Nice brief session — to the point, with some conference-goer recognition, debrief, and next-steps. Who could ask for anything more? Well, for those of us who can, there is a #nv08 wiki page for feedback!

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Politics, Blogging, and – Liveblogging Arjun Singh

My friend Arjun is speaking at Northern Voice right now. What a booming voice and feeling of authenticity within government. Arjun is on the City Council of Kamloops, and it is inspiring that he blogs publicly and uses it as a forum to communicate with his constituents.

Somebody in the audience just mentioned that this is a powerful idea for a politician to publicly speak about issues. I wonder if anybody in the US does this?

As a politician, he has an ego, but this is still a challenge.

When Arjun started his blog, he had to write a disclaimer about why he was going to blog about it. It also made people nervous, especially since he is on the inside. “I almost have to be an ambassador for transparency.” Wow, great quote.

Somebody just shared that the mayor of Dawson City is also a blogger.

Arjun is discussing some really interesting items about how he interacts with his neighbors and colleagues in his town. It must be a challenge for him to hear criticism of his voting and his work from the population. I have never seen such clear interaction between a politician and the ordinary folk. I can’t imagine American politicians (nobody national, and not even local in Manhattan) having something like this without being so nervous about social media.

I wonder if my politicians have ever considered this? I should look into this. Thank you for beginning this conversation for and with us, Arjun!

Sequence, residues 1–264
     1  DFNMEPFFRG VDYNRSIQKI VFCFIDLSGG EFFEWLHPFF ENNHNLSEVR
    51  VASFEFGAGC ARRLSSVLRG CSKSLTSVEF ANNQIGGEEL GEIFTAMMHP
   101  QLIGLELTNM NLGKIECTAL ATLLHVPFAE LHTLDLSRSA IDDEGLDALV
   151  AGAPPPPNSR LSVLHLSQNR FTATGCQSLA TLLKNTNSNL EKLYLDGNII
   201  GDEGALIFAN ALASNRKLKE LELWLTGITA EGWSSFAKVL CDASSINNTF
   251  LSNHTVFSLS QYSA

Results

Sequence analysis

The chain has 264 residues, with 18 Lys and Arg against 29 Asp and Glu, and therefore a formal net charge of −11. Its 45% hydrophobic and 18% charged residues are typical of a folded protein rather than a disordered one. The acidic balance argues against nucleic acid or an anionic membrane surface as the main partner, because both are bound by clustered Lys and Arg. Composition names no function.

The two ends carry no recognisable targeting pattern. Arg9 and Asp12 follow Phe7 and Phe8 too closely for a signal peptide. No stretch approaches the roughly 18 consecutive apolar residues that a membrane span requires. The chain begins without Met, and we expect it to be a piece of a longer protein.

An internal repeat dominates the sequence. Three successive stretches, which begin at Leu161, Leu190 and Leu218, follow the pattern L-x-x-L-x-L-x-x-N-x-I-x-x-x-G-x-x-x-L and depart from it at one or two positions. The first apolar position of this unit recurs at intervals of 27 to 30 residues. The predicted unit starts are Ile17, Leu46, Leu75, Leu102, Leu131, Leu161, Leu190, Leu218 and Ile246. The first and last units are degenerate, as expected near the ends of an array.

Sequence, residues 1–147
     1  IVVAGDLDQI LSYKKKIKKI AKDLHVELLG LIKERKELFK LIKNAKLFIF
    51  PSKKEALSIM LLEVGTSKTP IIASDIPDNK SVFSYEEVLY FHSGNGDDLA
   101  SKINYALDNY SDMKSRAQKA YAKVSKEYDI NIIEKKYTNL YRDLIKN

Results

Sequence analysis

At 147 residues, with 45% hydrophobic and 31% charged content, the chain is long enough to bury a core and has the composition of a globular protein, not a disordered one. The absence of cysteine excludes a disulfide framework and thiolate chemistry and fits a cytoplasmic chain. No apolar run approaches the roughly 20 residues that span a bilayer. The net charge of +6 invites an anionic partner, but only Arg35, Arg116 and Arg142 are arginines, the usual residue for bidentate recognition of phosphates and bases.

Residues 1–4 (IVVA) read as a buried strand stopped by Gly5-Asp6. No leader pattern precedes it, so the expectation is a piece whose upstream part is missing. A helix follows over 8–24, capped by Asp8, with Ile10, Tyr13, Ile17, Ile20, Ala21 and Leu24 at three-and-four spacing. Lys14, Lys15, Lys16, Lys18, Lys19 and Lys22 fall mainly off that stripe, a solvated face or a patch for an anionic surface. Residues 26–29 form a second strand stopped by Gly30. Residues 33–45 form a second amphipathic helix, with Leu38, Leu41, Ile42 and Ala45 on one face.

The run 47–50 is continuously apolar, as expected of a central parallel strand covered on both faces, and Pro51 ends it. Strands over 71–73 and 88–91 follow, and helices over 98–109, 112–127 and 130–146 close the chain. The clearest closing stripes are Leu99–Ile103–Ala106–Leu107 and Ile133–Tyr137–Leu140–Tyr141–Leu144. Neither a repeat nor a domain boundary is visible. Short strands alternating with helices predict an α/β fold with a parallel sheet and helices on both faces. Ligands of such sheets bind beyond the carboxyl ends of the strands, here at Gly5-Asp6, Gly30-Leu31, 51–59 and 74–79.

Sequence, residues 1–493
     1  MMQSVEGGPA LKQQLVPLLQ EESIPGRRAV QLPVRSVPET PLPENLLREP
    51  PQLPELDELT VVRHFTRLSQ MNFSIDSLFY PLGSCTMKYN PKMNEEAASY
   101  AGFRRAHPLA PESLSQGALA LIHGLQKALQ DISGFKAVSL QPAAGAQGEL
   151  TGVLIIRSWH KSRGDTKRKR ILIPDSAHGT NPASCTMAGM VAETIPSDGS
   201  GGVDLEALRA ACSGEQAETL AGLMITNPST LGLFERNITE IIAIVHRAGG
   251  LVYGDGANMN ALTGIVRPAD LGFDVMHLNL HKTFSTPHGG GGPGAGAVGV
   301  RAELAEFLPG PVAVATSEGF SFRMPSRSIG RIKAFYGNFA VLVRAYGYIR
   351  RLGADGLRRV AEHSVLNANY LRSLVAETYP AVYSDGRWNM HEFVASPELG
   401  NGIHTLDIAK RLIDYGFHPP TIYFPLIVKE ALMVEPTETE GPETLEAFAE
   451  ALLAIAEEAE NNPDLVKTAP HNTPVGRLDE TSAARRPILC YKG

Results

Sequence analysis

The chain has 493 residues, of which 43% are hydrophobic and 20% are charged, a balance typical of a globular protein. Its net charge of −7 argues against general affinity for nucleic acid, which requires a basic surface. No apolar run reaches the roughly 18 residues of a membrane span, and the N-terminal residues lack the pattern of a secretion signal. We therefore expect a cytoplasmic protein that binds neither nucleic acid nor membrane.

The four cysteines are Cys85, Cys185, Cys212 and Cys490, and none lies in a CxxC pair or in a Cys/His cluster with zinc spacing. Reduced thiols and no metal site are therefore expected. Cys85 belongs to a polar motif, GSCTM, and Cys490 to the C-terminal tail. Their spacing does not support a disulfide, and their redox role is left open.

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The Blog is Dead! Long live bloggers – Liveblogging Chris Lott

Chris started by asking people what blogs are, and people yelled out definitions. The big question is not the definition, and there are lots of other examples for what they are.

This session is supposed to be a panel discussion, and the panel was seated in the audience, and the discussion about what a blog is and why people use them. The other panel discussants are Alan Levine, Nancy White, D’Arcy Norman, Scott Leslie, Brian Lamb.

There are lots of technologies out there to share our presence. “I feel like to little butter on too little bread,” which is what Chris quoted from the Lord of the Rings.

Somebody discussed how Twitter is a place for following others who “get off” on the same things I am interested in. Interesting.

Twitter is like doodling. Interesting. Use it as an outlet, but always remember that it is being Googled (my comment). D’Arcy and others then discussed how Twitter can be private, so it becomes more of an opportunity to share with a small and more select group of people and colleagues.

We have more ways to have presence, but we also have less people knowing things about us? This is what happens when there are lots of people following us who do not know us.

What is the implication of the disconnect between early adopters to social media and when the mass of people begin using it?

This session seems like a brain dump, and I find it very exciting. I am not sure exactly how to characterize it, but I think that Chris’ comments about his being a post-post-modernist. Like it and find it very valuable. Perhaps this involves reflective practice?

For Chris, the most important things about Northern Voice for Chris is to hear the stories about why people started to and continue doing this.

Excellent! This session is great food for thought. Last year I would have been threatened during this session, but now I have more food for thought.

My conversation with Stewart Mader at the conclusion about the value of reflective practice was very valuable as well.